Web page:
Grossman, Gregory
August 1953
Quarterly Journal of Economics;Aug53, Vol. 67 Issue 3, p311
Academic Journal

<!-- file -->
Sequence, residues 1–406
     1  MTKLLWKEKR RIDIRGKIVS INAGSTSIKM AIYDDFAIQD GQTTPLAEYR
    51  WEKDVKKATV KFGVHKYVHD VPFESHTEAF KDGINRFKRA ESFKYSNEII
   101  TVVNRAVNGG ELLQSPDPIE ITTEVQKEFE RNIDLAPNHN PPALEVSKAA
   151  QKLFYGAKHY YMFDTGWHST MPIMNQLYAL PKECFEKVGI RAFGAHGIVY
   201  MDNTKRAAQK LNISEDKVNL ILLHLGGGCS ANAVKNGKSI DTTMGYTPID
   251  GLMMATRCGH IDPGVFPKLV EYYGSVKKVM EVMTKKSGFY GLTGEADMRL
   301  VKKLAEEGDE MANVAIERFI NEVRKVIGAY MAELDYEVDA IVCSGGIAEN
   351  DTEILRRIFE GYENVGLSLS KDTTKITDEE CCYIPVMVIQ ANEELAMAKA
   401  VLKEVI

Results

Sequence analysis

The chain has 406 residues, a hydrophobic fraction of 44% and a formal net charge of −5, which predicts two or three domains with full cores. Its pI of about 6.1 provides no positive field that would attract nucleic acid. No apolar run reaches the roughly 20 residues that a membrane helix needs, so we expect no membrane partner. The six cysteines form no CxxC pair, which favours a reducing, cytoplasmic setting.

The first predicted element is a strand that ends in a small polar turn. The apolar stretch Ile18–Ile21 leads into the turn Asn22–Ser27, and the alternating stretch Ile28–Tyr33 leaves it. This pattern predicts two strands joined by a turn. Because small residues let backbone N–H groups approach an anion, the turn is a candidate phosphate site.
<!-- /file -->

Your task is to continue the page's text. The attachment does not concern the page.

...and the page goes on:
This article examines the conflict between the Marxian conception of value and the logic of the allocation of scarce resources in the Soviet Union to achieve posited goals. The contest between doctrine and expediency among the sources of Soviet conduct is as intricate as it is engaging. This is because expediency can wear the mask of ideology, while dogmatism may be transmuted into pragmatism by the touch of success. In the Marxian scheme of things exchange value is created only by socially necessary labor. No factor except labor is entitled to a functional remuneration, although non-labor income does exist under capitalism. After private enterprise was virtually eliminated and comprehensive planning was introduced, financial relationships and institutions were redefined by a series of laws issued in the Soviet Union during the years 1930 through 1932, collectively known as the Credit Reform. Although capital may appear as a free good to the Soviet accountant, it is hardly a free good for the Soviet economy. On the contrary, it has been scarce in relation to the high production goals of the regime.


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